House of Lords unloads both barrels on Government’s life science strategy approach

pharmafile | April 26, 2018 | News story | Medical Communications ABPI, Life Sciences Industrial Strategy, UK government, biotech, drugs, pharma, pharmaceutical 

The Life Sciences Industrial Strategy was supposed to forge a path forward for the industry, despite pressures from Brexit, to go from strength-to-strength as a pillar of the UK economy.

Now, a House of Lords report has taken a scathing assessment of the UK government’s commitment to actually following the recommendations of the report, which had been backed by business, the charity sector and from within academia.

The name of the report should give a clue as to how unhappy the authors are at the Government, entitled it: Life Sciences Industrial Strategy: Who’s driving the bus?

As is pointed towards, the main finding of the report is that there is a lack of authority and accountability driving the implementation of the original strategy, leaving its approach foundering. The report questions whether the Government has a real commitment to seeing the Life Science Industrial Strategy carried out at all.

Narendra Patel, Chairman of the Committee that put the report together, said: “If implemented correctly the Life Sciences Industrial Strategy will make a major contribution to the future economic prosperity of the UK but what became clear throughout our inquiry is that it stands little chance of success without a detailed plan for implementation and clear lines of authority, responsibility and accountability.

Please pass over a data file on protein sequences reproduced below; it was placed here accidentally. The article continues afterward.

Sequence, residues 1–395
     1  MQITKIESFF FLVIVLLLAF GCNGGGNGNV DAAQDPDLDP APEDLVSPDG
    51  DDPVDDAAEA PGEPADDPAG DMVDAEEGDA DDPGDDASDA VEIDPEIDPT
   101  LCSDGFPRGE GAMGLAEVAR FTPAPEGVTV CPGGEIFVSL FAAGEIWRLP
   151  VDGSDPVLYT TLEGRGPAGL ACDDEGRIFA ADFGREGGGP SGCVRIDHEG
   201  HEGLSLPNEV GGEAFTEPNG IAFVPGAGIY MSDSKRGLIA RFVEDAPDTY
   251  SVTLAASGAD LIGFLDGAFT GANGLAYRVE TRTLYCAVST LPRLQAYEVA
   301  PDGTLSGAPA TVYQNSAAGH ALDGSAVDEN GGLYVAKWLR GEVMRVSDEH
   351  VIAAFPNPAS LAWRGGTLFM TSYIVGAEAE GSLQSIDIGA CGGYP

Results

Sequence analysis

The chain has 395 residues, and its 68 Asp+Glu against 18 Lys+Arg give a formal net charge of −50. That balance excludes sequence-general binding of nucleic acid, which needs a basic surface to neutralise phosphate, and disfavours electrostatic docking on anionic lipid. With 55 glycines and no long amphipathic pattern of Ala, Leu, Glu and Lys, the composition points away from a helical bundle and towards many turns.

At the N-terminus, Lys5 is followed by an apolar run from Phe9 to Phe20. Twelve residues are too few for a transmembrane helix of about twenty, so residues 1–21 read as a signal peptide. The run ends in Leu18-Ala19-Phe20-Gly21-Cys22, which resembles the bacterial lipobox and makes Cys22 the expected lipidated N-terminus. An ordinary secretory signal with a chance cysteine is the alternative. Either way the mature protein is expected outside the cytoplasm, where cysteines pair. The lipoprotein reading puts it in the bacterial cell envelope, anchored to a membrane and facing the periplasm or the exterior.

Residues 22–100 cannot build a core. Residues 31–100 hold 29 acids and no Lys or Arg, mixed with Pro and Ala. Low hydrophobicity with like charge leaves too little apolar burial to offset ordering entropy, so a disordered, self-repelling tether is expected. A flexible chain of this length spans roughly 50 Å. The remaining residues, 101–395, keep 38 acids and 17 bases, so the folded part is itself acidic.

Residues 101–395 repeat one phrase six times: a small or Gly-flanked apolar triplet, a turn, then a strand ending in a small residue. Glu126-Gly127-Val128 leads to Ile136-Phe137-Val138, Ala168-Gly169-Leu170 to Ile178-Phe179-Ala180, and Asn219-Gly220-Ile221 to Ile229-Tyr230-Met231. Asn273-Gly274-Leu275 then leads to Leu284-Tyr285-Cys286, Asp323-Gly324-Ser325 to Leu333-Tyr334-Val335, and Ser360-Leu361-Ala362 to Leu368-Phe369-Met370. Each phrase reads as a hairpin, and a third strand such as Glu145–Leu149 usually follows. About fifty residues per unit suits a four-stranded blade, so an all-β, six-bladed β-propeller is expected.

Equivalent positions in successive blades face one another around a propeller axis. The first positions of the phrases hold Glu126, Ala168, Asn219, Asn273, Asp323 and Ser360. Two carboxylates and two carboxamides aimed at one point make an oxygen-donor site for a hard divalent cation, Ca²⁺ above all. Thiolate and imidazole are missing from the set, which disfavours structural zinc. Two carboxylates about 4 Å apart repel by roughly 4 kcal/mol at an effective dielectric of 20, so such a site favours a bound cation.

“The Government has an opportunity right now to get ahead of international competition. It can, and must, take bold steps to secure the future growth and expansion of the life sciences sector. This is even more vital as the UK prepares for life outside the European Union.”

The report identified that because the NHS is central to the strategy, only the Government can take control and responsibility for its implementation.  It also suggests that the Government has not done enough to ensure that the NHS is able to follow through on suggestions from the strategy and has not provided the NHS with the support required to make any response effective.

One of the suggestions that the report made was to provide financial support and incentives for any NHS trust that is able to take forward implementation of some of the ideas mentioned in the strategy.

In particular, the report warns to learn of lessons learned from previous strategies: “Witnesses pointed to the 2011 Life Sciences strategy as an example of what can happen if a strategy is not implemented effectively. The 2011 strategy was considered a partial success by many witnesses but some of its recommendations were not implemented because of a lack of an adequate implementation plan and clear accountability”.

Ben Hargreaves

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